Sharing Agreements, Consolidation, and Relators’ Share

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More and more, we are seeing multiple and separate qui tam cases filed across various districts that, in part, contain overlapping claims, allege common sets of facts, or supplement each other in a way that, if combined, results in much stronger complaint. The problem is simple: absent consolidation and a sharing agreement, the government has a mess on its hands when trying to determine who is the “first” relator for purposes of the relators’ share.

Ninth Circuit Decision Is, Oddly, Good News for Both Relators and Defendants

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With respect to relators, in a matter of first impression before the U.S. Court of Appeals for the Ninth Circuit, the court held that knowingly false underbidding can support False Claims Act liability.

In Hooper v. Lockheed Martin, No. 11-55278 (9th Cir. Aug. 2, 2012), the relator was an engineer working for Lockheed, and he claimed that Lockheed defrauded the Air Force under a government contract by knowingly underbidding the contract. Lockheed argued that the estimates in its bid could not predicate liability because an estimate is merely an opinion or prediction, as opposed to a false statement. The relator, however, produced evidence that Lockheed employees were told to lower their bids without regard to actual cost. This evidence, according to the Ninth Circuit, raised a genuine issue as to whether Lockheed had the requisite knowledge when it submitted its bid for the contract. Thus, the court held that summary judgment for Lockheed on this claim was inappropriately granted and, in light of this decision, relators should be on the lookout for bids based on lower-than-actual costs as a potential basis for liability.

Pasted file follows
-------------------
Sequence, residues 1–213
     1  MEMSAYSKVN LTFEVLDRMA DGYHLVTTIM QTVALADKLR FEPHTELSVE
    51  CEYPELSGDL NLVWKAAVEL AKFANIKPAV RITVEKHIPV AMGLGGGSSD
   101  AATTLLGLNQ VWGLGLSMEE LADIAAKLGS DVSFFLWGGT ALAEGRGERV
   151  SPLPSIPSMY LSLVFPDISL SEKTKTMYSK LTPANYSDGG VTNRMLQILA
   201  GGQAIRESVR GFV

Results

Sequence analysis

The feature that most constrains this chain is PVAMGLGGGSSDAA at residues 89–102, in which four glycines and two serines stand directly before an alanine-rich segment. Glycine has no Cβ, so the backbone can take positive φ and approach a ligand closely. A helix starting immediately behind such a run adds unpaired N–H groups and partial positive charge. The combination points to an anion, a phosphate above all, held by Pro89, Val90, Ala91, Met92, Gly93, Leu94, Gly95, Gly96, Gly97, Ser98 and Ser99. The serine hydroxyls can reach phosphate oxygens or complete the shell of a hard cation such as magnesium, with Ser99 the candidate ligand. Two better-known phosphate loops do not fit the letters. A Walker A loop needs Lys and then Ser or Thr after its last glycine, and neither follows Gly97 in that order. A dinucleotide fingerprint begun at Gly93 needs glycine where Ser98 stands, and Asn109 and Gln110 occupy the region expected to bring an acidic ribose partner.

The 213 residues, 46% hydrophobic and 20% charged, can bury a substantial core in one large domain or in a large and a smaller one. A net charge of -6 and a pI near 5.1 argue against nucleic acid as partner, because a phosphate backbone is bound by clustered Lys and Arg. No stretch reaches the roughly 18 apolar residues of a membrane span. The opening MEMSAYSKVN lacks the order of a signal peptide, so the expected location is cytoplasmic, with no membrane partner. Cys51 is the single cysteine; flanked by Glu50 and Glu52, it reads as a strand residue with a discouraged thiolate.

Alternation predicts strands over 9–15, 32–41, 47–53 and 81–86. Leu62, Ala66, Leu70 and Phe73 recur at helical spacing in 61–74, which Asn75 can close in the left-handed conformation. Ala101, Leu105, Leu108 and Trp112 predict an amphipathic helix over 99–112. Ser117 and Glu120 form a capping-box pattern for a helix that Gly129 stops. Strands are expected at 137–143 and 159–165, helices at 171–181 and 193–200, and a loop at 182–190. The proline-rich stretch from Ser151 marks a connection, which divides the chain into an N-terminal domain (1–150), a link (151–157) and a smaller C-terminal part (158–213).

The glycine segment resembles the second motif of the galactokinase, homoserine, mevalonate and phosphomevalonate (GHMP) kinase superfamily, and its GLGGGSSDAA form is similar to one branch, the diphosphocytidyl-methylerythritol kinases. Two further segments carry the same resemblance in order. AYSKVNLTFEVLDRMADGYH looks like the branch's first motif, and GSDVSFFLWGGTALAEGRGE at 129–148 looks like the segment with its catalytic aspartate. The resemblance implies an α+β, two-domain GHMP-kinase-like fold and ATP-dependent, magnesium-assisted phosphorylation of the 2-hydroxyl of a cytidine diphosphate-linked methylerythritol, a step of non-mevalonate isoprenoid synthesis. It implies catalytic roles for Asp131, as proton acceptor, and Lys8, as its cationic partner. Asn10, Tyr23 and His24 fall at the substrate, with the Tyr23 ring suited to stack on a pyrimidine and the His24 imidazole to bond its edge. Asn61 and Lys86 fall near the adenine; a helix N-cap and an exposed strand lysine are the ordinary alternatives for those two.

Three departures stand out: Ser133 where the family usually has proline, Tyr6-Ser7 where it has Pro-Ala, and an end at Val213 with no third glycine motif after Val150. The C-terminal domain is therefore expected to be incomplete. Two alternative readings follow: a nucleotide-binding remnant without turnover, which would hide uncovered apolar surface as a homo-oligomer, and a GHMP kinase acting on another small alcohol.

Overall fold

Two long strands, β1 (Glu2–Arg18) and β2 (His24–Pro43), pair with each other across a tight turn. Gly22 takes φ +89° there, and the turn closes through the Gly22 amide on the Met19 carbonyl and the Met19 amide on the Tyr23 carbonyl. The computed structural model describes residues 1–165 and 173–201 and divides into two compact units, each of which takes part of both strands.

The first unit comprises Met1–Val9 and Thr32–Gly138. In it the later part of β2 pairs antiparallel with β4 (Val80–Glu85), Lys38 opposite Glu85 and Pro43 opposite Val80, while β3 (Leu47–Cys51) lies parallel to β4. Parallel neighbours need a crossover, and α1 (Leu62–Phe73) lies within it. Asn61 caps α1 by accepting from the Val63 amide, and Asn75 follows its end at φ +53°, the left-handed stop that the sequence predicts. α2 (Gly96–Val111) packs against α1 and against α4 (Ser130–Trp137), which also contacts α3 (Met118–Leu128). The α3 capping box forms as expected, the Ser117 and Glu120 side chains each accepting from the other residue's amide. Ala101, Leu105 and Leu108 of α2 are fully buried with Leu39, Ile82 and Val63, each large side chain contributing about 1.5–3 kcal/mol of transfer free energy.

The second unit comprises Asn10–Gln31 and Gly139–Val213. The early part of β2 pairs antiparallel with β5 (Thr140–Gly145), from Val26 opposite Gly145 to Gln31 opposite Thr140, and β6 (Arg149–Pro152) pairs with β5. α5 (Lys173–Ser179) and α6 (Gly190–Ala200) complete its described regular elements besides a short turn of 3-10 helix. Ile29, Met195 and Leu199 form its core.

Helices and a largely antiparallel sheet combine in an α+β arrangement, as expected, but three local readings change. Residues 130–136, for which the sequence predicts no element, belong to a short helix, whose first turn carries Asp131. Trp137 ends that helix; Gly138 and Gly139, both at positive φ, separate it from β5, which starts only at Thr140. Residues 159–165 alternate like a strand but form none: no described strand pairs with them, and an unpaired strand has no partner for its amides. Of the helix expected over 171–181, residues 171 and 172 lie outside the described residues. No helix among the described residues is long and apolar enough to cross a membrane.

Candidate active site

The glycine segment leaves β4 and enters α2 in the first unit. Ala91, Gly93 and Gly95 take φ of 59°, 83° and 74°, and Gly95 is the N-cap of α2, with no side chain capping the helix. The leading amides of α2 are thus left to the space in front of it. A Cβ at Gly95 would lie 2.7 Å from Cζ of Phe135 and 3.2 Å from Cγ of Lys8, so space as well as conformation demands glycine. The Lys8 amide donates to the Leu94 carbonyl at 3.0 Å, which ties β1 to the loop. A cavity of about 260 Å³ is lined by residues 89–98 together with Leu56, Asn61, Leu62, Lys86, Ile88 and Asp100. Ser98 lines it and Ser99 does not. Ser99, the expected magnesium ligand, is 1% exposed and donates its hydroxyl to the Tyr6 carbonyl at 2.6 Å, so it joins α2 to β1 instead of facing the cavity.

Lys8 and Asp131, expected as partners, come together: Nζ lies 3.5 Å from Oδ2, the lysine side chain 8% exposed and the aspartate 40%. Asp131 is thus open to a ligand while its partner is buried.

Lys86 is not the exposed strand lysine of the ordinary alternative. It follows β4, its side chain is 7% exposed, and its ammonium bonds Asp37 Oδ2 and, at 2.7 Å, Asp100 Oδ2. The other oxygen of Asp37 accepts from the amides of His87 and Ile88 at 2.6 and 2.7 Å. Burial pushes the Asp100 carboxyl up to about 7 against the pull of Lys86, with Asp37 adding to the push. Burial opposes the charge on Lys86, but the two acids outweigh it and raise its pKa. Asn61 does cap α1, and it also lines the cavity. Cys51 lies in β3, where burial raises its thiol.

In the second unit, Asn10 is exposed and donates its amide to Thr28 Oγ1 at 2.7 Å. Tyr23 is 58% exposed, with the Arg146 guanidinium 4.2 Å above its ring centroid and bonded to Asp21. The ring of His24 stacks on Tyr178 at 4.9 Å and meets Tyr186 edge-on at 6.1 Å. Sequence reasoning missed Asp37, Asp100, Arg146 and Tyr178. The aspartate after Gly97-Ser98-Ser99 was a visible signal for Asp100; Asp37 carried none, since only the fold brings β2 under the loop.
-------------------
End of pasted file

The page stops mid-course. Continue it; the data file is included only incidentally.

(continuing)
What’s It Like to Be a Relator? And Key Attributes of a Good Relator

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People considering becoming whistleblowers to expose a government fraud often ask what the process will be like. They want to know what it is like to be a relator in a False Claims Act, or qui tam, case. While no one answer to that question fits all situations, there are some general answers that tend to hold true across the cases. I can think of three words to describe the experience – work, patience, and satisfaction.

The “work” phase of the case involves working with counsel and then government lawyers and investigators to explain, understand, and develop the facts of the case. The work in a False Claims Act case usually begins when the relator collaborates with his or her legal team to put together the complaint and the disclosure statement, which become the roadmap for government lawyers and investigators. The work continues when the whistleblower teaches the government about the fraud, the key facts, and the key players. And the work frequently recurs sporadically during the government’s investigation, as the relator and counsel respond to government questions about documents and interview statements.

State False Claims Acts: It’s Not Just the Federal Government Anymore

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While the federal False Claims Act gets the big headlines and the correspondingly big recoveries, it is important not to forget that a number of states have their own false claims acts under which relators can bring claims that also have the potential for significant monetary recoveries. States with these acts tend to fall into two categories: states with generally applicable false claims acts (like the federal law) and states that limit their acts to health care fraud.

St. Jude Medical Pays $3.65 Million to Settle Overcharge Claims

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St. Jude Medical Inc. has settled, for $3.65 million, federal False Claim Act allegations arising from a qui tam case in which the relators alleged that the company inflated the cost of replacement pacemakers and defibrillators purchased by the Departments of Defense and Veterans Affairs, the U.S. Department of Justice announced recently.